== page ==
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"The public is a victim:" Former tax judge guilty of tax fraud

Irony is a word that comes to mind when reading the facts of a recent case in U.S. District Court in St. Paul. Judge Wilhelmina Wright stated it a little different, "When a person in a position of trust violates that trust, the public is a victim."

A former tax judge and her husband were convicted and sentenced on charges they conspired to obstruct IRS audits. Over a number of years, they passed off personal expenses as Schedule C business expenses, failed to claim income from the sale of a property and made false claims to avoid payment of tax on cancelled debt.

Mischaracterization of deductions, failure to report income and false claims

Any argument related to a mistake in applying the tax code doesn't go very far when the taxpayer has served as a Tax Court Judge for almost 20 years.

Many of the deductions that were dumped into the business expenses category were blatant - nine vacations, including trips to the Bahamas, Greece and Thailand, wine club fees, Pilates classes. Others might fall into the questionable category, such as a computer and Chinese tutoring classes, which could potentially be "ordinary and necessary" business expenses depending on unique circumstances.

Failure to report the gain on the sale of property in South Dakota and a false claim of financial insolvency to get out of paying tax on cancelled debt were other problems.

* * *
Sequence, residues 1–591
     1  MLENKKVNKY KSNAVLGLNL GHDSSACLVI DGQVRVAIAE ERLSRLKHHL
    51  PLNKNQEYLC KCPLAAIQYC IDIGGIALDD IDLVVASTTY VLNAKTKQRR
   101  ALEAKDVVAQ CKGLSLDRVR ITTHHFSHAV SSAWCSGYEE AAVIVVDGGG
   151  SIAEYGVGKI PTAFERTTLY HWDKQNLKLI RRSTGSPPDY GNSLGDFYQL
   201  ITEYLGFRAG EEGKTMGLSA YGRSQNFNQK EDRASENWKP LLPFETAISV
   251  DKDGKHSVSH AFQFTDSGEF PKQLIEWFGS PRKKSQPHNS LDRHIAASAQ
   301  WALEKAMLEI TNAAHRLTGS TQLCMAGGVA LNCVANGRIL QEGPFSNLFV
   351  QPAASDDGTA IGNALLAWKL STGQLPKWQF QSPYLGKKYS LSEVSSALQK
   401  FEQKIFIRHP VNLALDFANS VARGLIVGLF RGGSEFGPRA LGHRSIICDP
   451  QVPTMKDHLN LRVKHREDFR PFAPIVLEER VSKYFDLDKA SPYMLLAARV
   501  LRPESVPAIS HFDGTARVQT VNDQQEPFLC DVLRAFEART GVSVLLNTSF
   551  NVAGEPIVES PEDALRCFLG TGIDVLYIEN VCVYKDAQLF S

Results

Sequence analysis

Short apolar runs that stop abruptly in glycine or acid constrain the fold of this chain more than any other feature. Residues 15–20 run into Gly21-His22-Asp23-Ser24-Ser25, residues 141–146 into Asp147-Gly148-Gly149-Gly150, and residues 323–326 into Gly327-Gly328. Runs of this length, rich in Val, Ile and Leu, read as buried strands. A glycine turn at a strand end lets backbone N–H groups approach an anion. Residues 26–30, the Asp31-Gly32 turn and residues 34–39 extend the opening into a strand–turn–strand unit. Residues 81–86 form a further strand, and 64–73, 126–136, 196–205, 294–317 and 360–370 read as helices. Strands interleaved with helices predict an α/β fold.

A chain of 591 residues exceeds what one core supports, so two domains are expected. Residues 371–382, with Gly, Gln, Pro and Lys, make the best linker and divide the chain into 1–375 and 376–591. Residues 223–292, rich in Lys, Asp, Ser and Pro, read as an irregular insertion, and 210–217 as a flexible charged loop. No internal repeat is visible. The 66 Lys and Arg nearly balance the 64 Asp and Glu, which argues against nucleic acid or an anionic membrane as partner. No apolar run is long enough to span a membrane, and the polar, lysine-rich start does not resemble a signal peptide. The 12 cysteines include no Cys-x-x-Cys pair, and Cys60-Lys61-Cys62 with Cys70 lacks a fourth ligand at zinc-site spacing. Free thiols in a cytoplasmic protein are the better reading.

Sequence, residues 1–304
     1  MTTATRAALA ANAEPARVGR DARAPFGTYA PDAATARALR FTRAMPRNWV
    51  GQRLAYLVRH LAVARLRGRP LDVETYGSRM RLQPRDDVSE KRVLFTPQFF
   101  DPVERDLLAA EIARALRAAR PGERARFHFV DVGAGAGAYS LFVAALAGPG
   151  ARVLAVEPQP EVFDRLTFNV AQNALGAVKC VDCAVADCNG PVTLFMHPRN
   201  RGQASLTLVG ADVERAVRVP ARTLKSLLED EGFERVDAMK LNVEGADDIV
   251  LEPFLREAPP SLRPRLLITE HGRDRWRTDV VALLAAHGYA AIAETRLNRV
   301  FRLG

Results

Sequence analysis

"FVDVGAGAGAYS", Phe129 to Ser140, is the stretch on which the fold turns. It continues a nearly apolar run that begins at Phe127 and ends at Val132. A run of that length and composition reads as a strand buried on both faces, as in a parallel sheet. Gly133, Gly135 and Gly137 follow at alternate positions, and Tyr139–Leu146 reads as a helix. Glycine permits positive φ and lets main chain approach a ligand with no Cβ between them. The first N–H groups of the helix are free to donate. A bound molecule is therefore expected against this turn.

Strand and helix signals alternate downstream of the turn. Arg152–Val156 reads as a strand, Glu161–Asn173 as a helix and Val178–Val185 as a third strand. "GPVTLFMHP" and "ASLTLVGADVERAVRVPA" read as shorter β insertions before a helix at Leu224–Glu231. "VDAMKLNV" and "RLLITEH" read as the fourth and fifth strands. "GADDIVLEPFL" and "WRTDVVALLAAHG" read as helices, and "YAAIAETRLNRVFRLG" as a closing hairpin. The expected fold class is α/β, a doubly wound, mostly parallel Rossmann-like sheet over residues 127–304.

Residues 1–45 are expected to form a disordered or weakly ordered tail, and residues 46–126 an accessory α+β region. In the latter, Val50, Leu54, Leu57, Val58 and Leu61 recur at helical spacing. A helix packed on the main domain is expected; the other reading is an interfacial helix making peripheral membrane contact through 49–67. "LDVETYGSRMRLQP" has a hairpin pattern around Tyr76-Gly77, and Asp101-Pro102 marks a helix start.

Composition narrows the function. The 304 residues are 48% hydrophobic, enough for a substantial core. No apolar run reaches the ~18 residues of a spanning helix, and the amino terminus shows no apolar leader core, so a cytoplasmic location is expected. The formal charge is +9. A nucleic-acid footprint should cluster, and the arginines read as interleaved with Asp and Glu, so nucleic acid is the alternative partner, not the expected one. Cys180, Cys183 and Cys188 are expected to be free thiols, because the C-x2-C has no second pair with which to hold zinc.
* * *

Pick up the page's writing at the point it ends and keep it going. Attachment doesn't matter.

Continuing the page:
Fraudulent intent

These may sound like issues that could have been handled with an assessment of back taxes, penalties and interest. But the couple apparently took steps to conceal documents from a tax preparer and IRS Tax Compliance Officer during the audit of their 2004 and 2005 taxes. The pattern continued and in a 2012 audit they sent false and misleading documents to the IRS.

When it became apparent that the 2012 audit might lead to criminal charges, the judge instructed her husband to lie to the IRS regarding her involvement in preparing information related to the business expenses.

By overstating the business expenses, failing to report income and avoiding taxes on cancelled debt, the couple understated their taxable income by almost $1 million and lowered their tax obligation by about $450,000.

The 61 year old judge was sentences to 34 months in prison and her husband received a slightly shorter sentence of 24 months. They were ordered to repay $457,105 in joint restitution.

This illustrates how important it is to get immediate legal representation at the first indication of an audit. Failing to take action or trying to cover up past misdeeds or mistakes can shift a civil matter into a criminal investigation.

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